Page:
High Life is an art-house film worth paying attention to, but I can't guarantee you'll love the experience.
One of the most polarising and intriguing films I've seen this year, it's a story filled with an overwhelming sense of hopelessness, cruelty, and is heavy on the metaphor - some obvious, some head-scratching.
The story explores how we deal with the idea of nothing; of finding yourself floating towards impending death on the edge of our solar system, with no hope, no chance of life. Yip, it's as cheery as it sounds.
High Life is the work of veteran French film-maker Claire Denis (Beau Travail, 35 Shots of Rum), and at age 73 this is the first time the director has made an English language film and used a Hollywood heartthrob in the lead role - in this case, Twilight star Robert Pattinson.
Pattinson continues to make his mark in the art-house market and provides the perfect anchor with a warm and emotional performance in a largely sparse and grim sci-fi adventure. He plays Monte, who with his young baby daughter, Willow, is the last surviving member of a spacecraft heading to the outer reaches of our solar system on a suicide mission to harvest energy from a black hole.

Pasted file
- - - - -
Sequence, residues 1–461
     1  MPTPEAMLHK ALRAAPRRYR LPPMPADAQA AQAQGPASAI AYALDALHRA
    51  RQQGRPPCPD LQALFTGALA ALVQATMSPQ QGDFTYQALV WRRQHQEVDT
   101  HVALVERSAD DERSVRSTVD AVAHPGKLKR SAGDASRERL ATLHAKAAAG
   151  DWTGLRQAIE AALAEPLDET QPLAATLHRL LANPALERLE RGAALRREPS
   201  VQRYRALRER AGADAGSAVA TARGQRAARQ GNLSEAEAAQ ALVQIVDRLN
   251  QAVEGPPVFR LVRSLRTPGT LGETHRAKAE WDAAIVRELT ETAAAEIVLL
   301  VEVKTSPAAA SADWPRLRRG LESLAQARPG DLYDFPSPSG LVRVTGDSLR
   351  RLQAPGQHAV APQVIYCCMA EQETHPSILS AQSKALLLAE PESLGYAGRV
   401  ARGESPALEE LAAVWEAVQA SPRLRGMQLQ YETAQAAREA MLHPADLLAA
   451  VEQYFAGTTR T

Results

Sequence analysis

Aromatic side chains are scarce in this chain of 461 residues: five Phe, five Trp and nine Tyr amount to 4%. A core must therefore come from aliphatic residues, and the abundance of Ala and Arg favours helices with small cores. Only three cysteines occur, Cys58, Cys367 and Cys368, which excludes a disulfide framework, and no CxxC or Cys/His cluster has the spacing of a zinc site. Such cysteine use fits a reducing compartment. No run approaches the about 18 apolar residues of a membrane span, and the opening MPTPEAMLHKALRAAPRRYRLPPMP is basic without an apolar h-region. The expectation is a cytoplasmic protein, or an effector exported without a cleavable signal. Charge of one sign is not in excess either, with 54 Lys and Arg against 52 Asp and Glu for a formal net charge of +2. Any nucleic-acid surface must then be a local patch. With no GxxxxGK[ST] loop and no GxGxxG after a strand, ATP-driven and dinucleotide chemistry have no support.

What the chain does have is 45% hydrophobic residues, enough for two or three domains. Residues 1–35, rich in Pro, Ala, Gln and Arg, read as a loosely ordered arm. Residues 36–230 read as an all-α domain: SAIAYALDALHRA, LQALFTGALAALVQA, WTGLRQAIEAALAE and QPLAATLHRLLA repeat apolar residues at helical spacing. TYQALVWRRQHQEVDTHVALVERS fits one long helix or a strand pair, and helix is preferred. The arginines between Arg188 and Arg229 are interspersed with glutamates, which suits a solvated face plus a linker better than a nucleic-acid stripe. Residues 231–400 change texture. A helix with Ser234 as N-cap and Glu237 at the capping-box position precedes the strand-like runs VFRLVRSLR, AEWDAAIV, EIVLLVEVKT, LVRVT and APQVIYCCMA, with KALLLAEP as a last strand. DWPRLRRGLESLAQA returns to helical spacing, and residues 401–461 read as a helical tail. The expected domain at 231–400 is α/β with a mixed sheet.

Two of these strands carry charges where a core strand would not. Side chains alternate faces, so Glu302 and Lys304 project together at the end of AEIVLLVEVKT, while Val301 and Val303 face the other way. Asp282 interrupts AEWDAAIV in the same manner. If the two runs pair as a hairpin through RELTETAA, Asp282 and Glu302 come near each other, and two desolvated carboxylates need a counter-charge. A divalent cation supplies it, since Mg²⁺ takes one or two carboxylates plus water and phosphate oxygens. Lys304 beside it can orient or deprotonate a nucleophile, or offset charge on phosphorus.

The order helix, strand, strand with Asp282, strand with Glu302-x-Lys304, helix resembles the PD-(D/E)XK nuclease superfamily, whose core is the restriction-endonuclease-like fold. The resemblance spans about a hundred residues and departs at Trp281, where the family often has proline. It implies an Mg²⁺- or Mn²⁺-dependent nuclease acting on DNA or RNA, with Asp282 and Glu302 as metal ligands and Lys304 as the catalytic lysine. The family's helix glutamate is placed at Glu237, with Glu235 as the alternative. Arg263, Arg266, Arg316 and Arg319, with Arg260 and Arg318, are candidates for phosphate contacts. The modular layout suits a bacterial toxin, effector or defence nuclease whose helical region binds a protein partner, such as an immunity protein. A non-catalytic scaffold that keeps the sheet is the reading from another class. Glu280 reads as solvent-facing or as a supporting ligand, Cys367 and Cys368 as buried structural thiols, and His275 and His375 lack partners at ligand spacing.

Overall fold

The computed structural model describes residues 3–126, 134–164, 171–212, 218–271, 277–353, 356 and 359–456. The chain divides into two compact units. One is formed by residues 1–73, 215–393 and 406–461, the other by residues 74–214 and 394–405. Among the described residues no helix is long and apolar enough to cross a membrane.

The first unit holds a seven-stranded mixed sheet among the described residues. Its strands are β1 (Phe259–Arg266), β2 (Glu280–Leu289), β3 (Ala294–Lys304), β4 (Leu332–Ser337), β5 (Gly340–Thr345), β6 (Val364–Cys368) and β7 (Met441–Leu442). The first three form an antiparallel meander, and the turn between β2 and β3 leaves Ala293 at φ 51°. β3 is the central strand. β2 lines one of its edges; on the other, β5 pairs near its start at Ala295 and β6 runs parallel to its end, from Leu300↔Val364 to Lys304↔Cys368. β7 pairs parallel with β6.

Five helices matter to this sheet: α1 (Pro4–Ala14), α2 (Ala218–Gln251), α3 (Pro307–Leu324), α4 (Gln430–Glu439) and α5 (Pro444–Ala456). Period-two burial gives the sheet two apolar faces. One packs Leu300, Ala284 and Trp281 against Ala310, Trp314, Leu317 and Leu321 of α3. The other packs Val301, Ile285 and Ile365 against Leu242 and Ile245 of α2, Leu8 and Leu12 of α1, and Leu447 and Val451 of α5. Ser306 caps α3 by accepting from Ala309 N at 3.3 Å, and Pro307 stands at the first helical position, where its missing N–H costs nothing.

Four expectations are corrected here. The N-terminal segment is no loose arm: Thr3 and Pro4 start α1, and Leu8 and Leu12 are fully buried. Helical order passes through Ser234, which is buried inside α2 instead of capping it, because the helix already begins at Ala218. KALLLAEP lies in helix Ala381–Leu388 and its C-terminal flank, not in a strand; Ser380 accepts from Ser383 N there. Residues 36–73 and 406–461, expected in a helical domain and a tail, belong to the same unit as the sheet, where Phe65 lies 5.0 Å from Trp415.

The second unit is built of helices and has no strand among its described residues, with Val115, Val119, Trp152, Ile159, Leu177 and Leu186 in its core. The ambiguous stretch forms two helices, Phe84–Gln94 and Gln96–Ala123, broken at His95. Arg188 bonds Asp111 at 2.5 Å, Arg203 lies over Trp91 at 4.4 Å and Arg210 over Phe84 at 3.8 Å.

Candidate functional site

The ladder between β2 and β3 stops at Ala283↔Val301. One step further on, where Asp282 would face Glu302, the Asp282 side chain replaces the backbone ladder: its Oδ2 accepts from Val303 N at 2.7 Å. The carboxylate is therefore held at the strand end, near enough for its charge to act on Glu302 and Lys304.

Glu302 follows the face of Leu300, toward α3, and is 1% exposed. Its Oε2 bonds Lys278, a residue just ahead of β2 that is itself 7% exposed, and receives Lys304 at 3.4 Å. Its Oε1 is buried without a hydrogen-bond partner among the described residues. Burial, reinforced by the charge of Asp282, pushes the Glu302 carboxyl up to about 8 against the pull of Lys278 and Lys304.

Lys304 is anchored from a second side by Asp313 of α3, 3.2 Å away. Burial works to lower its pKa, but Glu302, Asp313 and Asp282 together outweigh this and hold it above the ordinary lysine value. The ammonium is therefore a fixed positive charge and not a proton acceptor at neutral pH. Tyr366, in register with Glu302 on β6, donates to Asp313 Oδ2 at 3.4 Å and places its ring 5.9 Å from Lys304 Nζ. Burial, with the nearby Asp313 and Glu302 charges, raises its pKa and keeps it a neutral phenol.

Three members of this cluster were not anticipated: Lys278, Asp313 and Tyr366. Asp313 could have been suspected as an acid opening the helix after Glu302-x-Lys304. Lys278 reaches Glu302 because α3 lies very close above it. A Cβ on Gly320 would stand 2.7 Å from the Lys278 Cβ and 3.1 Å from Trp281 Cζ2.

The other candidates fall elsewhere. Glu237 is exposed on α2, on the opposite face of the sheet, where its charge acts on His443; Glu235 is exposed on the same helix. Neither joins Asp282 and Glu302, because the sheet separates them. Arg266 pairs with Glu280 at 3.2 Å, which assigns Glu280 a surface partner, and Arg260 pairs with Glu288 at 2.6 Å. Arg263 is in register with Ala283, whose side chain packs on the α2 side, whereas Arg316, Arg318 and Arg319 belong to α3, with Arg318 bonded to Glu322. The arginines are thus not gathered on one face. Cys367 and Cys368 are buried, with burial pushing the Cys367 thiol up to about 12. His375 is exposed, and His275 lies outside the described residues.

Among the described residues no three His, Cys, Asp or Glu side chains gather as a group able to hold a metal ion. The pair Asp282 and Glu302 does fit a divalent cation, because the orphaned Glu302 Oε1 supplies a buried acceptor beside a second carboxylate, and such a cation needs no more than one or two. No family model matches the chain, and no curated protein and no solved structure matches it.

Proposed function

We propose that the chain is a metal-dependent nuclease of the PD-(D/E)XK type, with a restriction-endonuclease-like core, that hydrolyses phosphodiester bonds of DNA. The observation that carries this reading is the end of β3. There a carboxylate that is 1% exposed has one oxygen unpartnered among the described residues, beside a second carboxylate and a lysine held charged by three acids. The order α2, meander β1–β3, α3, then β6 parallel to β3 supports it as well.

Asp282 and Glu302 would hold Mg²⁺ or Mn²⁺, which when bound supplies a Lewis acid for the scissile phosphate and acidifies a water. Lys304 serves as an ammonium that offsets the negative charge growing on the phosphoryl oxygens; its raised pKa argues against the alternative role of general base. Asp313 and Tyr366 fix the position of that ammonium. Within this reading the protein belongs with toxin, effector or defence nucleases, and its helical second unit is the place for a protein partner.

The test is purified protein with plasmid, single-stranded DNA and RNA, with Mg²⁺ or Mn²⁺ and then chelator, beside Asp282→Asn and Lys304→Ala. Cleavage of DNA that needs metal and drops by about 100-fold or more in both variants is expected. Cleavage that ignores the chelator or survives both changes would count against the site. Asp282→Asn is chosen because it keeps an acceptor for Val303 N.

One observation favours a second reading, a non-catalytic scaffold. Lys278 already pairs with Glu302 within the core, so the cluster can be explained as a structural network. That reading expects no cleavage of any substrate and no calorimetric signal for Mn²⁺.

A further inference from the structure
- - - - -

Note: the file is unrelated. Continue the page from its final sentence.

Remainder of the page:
The story unfolds in a non-linear way, flicking back and forward in time as we learn those on board were criminals who decided to "serve science" rather than sit on death row. The leader of their ship is Dr Dibs (Juliette Binoche), a fertility doctor obsessed with reproduction, who uses the crew as guinea pigs for experiments.
There are plenty of nods to other science fiction films, but there's something unique about Denis' approach. Story-wise she doesn't pander to the normal sci-fi tropes, and visually the spaceship is second rate - a prison which won't be returning home.
You really need to see High Life to take in the mix of despair and violence, set against the dream-like, poetic voyage. Denis once again confounds with her vision
Robert Pattinson, Juliette Binoche, Andre Benjamin,
Rating: R16 (Violence, rape, sex scenes & offensive language)
Teeters between nonsense and brilliance.